Blueberry Jam

Writing Daily Prompt – Write about blueberries.

I climbed over the boulder and grabbed a mossy crevice to hang on as best I could with a plastic pail hitched over my arm.  My flimsy flip-flops were no match for damp forest bed.  Digging my bare toes in to the lichen and moss, I looked for some leverage.  Grabbing a vine, I heaved myself up to stand in the beginning of the berry patch.  The wild blueberries are clumped in bunches on low-bush shrubs in front of us.  They thrive in the glacial soil and cooler climates, making them the perfect native berry in Canada and the New England States in the US.

There are six of us, giggling and vying for the bushes heaviest with ripe fruit.  I plopped myself down in the center of the patch and declared the perimeter as mine.  Crouching on my knees, I picked blueberries by the handfuls and plopped them into my pail.  We called back and forth, eager to share our biggest, juiciest finds, which so often ended up in our mouths instead of our buckets.

“Look at this one!  It’s as big as an eyeball!”  Tommy cried as he held up a whopper of a berry.  Wild berries tended to be smaller, but every once in a while, you’d be rewarded with one the size of a marble.

Ben grinned from ear to ear to show us his purple teeth and tongue.  Stains of blue covered most of his lip and cheeks.  He had employed a different strategy of not claiming a territory, but ran from large patch to large patch while criss-crossing ours.

“Get off!  This is my patch!”  I screamed and drew an arc with my arms to form my imaginary borders, exposing my only child syndrome.

Anne moved aside to share a laden bush with me.

We yelled at him to stay away, but the truth was there were enough berries for all of us.  It was perfect timing for picking, the first height of the season while the birds and bears still hadn’t emptied the little inlet in the forest.  Our buckets filled, we hopped off the ledge to find the mountain road back home.  There would be more blueberry picking tomorrow.

Our Mothers’ had promised to make us Blueberry Jam.  We found them sitting idle at Ben’s house enjoying tea and coffee.  His wooden screen door squeaked open and banged shut as every kid entered.  Before long, the kitchen was a beehive of activity as parents and kids prepped the fruit.

Boxes of canning jars had been washed and sterilized beforehand.

Aunt Anita, Ben’s Mom, dumped all of our pickings into a large cauldron filled with water to wash and pick over the berries.  No stems, no unripened green berries, no stowaway June bugs.  The pot was so large that we used a kiddie shovel to stir.

The Blueberry crew sorted cupfuls of berries into pots with cupfuls of sugar, lemon juice and pectin to help it set.  I like my blueberry jam on the softer, runnier side, so my Mom will whisk it off a few seconds earlier.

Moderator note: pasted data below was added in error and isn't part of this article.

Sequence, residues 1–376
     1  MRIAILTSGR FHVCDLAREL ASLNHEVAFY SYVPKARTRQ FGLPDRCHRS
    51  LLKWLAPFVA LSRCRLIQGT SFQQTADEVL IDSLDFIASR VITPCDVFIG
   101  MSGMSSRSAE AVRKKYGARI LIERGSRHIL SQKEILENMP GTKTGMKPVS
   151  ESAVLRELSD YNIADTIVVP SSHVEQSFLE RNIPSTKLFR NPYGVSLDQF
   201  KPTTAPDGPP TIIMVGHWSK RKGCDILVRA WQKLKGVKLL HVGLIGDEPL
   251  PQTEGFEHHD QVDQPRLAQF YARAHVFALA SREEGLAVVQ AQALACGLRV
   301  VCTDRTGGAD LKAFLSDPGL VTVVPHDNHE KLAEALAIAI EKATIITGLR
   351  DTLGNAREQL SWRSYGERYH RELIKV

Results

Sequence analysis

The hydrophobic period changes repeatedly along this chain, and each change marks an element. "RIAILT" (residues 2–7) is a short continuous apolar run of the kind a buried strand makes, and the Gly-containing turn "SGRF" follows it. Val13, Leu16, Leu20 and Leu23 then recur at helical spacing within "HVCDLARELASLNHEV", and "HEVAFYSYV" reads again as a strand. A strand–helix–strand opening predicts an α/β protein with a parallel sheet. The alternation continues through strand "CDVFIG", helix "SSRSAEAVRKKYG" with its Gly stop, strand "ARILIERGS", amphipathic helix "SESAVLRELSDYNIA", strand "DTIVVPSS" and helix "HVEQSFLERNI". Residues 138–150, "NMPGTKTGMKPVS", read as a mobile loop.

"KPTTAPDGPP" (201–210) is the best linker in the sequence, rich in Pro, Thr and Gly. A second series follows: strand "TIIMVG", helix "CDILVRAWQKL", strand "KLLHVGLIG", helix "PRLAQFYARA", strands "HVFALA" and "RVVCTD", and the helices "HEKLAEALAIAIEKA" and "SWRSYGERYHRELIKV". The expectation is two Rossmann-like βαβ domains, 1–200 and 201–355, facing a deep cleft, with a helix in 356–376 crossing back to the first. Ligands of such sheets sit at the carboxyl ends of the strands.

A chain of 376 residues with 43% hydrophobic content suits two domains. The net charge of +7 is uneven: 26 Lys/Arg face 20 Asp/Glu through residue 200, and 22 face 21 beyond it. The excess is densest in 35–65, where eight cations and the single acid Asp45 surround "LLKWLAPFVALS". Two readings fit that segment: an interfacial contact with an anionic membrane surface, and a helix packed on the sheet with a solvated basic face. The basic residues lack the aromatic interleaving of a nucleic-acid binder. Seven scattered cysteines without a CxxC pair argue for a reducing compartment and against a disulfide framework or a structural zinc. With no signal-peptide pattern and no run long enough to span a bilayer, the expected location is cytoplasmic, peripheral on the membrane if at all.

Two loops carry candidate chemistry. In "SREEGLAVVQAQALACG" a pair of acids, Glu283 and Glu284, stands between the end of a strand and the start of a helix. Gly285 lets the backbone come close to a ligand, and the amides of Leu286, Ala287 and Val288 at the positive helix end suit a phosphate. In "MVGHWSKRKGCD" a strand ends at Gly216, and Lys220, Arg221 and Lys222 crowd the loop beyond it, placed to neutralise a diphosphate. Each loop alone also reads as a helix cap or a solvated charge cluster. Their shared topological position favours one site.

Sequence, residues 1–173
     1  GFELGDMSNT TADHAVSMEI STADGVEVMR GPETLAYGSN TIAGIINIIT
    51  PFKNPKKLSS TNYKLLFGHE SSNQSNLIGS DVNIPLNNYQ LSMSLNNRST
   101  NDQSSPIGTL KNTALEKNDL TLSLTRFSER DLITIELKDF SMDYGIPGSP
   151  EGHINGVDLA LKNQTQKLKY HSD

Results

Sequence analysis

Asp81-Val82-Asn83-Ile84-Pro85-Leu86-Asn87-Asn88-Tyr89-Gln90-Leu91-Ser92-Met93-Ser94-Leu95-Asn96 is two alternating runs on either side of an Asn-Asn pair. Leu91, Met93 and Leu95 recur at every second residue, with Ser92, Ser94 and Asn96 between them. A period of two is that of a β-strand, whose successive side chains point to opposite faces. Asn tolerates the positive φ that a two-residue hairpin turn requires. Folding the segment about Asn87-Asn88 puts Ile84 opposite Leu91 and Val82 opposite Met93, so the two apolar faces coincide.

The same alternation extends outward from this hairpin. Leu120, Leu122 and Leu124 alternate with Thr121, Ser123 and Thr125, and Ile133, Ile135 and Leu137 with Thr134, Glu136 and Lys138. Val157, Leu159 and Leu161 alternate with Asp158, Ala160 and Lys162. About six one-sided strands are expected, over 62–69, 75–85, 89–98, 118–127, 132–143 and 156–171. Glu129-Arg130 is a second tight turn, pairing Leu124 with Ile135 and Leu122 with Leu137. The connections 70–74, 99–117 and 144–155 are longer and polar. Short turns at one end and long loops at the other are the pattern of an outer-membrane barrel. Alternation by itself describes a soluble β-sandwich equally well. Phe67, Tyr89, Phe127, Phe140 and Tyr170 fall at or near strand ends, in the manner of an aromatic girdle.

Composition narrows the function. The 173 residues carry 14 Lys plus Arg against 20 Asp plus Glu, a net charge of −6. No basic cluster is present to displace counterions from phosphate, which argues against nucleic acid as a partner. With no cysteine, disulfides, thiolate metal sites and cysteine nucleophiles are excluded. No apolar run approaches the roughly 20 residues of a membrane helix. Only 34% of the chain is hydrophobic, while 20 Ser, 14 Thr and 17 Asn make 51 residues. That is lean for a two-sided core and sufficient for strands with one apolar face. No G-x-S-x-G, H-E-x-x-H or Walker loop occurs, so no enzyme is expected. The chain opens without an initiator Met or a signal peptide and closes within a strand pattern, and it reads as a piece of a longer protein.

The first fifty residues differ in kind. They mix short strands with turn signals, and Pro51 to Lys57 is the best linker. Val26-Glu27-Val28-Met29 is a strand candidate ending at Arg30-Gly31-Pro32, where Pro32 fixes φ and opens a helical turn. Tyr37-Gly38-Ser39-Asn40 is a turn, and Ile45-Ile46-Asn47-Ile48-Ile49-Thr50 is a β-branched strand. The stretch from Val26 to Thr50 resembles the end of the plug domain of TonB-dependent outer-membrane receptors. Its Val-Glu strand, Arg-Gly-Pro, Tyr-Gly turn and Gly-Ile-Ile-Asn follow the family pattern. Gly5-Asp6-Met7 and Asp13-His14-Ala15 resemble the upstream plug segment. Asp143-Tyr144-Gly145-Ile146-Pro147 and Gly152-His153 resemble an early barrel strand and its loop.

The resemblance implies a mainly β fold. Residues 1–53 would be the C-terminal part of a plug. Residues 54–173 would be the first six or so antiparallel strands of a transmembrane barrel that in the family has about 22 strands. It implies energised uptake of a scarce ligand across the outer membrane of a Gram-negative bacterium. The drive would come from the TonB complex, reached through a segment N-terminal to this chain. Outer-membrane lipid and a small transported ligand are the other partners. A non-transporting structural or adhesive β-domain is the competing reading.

Before long, the heated berries rolled to a boil, split their skins, and deepened their hue to a richly majestic purple.  We took turns to stir them around to mix the froth back in with the sugar.  Our Moms took the task of ladling hot jam into jars while we wiped the rims before screwing the metal disk and twist top lids in place.

I loved the sound.  If I close my eyes, I can still hear a hundred jars of fresh, homemade blueberry jam popping as they sealed.  Once the hot jam cooled, it sucked the air in to vacuum pack the jar.

By lunchtime we were decorating the jars with homemade labels and ribbons.

As was the tradition, whichever jar didn’t properly seal was ours to start for lunch.  We smeared fresh churned butter on bread baked that morning, then piled as much blueberry jam atop as we could.  Shoo’d outside, we kids sat on the stairs to eat our our berried treasure.

I can’t open a jar of good Blueberry Jam and not be transported right back to those deliciously sweet summer days.

Blueberries have always reminded me of our contained universe.  If you peel it – ever so carefully – it’s like peeling back the indigo night sky just before the moon appears.  The fruit is a symphony of forest flavours in your mouth; juicy from the creek and the rains, earthy from the dirt they grow in, not to terribly sweet with a touch of tartness if they are young.  Mmmmmmm.

It’s not just the sweets but the memories.  Many of the Moms – including mine – are gone now.  The cousins and friends who are like cousins are spread out across the world.  This summer I might send each of them a jar of homemade Blueberry Jam.

The Fox

Read the Fox blog:  Hear what the Fox really has to say

© 2018

One Comment Add yours

  1. This is nicely written. Thanks for writing.

    Liked by 1 person

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